Let Tevita’s death not be in vain

The death of 21-year-old Tevita Amituana’i of Vaitele-uta last week should not be in vain. If anything, it is a timely reminder about the importance of occupational health and safety for all work places throughout Samoa, for both employers and employees.

Far too often, these things are overlooked and completely ignored. It happens in Samoa everyday and the consequences are devastating. From factory workers to road workers to public servants, the nonchalant attitude towards safety and well being at the work place is quite common.

Which is why the death of Tevita who was an employee of the Electric Power Corporation (E.P.C.) should be a wake up call for everyone not to take safety for granted. 

What we need to remember is that accidents do not discriminate when they happen and death only needs a few split seconds. Which is precisely what appeared to have happened to young Tavita.

Last Wednesday, he would’ve gone to work thinking that it was just another day. He would’ve made plans for after work and like most people, plans for the week, the rest of the year and his future.

But that quickly changed for the worst.

“At around 3:00pm on Wednesday 27th March 2019, while working on its low voltage distribution network at Alafua, Tevita accidentally slipped and was electrocuted,” the E.P.C. explained.

 “From investigations, the logistics of the work site where he was working and with reference to statements obtained from witnesses, Tevita slipped from the ladder and accidentally touched the live wire while attempting to conclude the works on the Low Voltage Power Pole he was working on. 

 “The weather condition of light showers and wind towards the end of their work has not been ruled out as a contributing factor.”

At this point of time, there is nothing to suggest negligence on anyone’s part – including E.P.C. In fact, the Corporation has already gone out of its way to highlight this.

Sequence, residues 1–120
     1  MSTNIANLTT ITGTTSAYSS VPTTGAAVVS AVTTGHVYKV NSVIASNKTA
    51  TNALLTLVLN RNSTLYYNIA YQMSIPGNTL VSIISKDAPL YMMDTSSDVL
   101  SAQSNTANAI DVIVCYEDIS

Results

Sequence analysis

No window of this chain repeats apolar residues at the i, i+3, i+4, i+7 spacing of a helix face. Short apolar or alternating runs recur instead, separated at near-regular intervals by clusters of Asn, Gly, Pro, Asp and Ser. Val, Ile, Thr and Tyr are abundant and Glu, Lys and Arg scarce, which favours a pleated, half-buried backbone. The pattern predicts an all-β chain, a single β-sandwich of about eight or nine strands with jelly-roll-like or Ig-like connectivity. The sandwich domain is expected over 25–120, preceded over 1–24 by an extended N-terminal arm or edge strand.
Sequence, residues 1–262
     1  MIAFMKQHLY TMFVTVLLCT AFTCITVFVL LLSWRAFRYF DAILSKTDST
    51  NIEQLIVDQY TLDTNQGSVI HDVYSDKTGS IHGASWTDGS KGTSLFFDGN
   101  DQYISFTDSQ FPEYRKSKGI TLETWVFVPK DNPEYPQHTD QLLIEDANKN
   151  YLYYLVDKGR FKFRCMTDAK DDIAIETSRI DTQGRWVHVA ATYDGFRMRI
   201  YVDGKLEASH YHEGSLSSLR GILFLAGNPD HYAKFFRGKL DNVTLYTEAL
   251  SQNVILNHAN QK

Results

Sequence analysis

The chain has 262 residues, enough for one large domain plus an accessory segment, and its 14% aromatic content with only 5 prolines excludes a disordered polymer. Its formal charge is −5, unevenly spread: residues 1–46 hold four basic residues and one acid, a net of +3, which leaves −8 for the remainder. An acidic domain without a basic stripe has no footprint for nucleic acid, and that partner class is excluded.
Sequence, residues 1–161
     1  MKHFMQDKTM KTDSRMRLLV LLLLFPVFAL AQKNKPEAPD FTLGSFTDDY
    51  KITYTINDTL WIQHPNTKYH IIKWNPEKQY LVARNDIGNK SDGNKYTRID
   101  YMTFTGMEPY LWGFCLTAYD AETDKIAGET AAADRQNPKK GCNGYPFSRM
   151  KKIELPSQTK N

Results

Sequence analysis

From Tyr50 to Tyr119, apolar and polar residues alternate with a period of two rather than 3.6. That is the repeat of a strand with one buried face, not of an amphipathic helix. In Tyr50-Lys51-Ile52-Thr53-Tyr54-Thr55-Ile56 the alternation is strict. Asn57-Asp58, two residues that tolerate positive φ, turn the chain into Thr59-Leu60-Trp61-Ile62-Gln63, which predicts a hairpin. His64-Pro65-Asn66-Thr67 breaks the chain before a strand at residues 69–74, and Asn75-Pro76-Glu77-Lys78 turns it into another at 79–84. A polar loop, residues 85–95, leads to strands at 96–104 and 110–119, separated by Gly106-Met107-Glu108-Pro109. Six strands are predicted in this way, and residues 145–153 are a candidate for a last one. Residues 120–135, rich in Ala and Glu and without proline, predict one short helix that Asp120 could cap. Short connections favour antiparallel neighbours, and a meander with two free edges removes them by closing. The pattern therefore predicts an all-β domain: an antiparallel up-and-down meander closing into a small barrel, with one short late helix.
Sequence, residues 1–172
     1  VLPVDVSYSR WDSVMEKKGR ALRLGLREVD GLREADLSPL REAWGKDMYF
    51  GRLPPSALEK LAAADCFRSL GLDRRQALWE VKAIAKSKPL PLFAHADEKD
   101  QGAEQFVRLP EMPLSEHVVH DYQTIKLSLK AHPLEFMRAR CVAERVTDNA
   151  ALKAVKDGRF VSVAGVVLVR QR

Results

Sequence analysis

“Tevita had his full safety gear on when the accident happened, however, it is quite tragic that this has happened to one of our own,” a statement from the Corporation said. 

“Safety procedures and measures for their protection at all times is of paramount importance to E.P.C., given the nature of these works. As tragic as the situation, E.P.C. yet again re-emphasises the priority for the safety of its technical staff at all times while providing the services to the country, continues.” 

We couldn’t agree more. Safety should always be paramount. 

In this country, Tevita is not the only E.P.C. worker to have died on the job. And it’s not just E.P.C. We have seen many other incidents at other work places where the lack of attention to safety and occupational health has cost precious lives. We recently also had a case where a man working for a telecommunication company fell from a pole and died.

These incidents take a toll on everyone. While some people will purely view the victims as statistics in terms of deaths at places of work, these are not just statistics. They are people, precious lives. They are fathers, mothers, sons, daughters and they are beloved members of this community. 

 The late Tevita was no exception. When the Samoa Observer visited the family last week, his grandmother, Fetu Amituanai, wept on a sofa as she reminisced about her grandson.

 “I miss him dearly. This is very hard for us because we did not expect to see him on his death bed…if he was sick at the hospital it would have been okay but to hear about his passing without a goodbye is heartbreaking,” she said.

“I told him not to become an electrician. I warned him because I knew how hard that line of work is and the nature of the job. I warned him that it’s hard and can lead to accidents but now he is gone without a goodbye.”

Tevita’s mother, Kerisimasi Amituanai, was equally devastated.

“He is hard to forget because of his personality, very quiet and doesn’t answer back when I tell I’m off,” she said.

The family members make so many people, including church members, friends and work colleagues who would all have a story to tell about Tevita.

One life lost is one too many. Could Tevita’s life have been spared? Is there something he or E.P.C. could have done differently that could have prevented his death when he slipped? Who knows? But this is why we should always try and find the lessons in these tragedies so we can avoid them. 

The death of Tevita should be fully investigated with the findings and lessons used to ensure E.P.C. line workers of today and the future are protected and to spare people like Fetu and Kerisimasi the heartache they are going through right now as they prepare to say goodbye to a loved one. In other words, let Tevita’s death not be in vain.

Our deepest condolences for the passing of Tevita. 

Have a safe Friday Samoa, take care and God bless!







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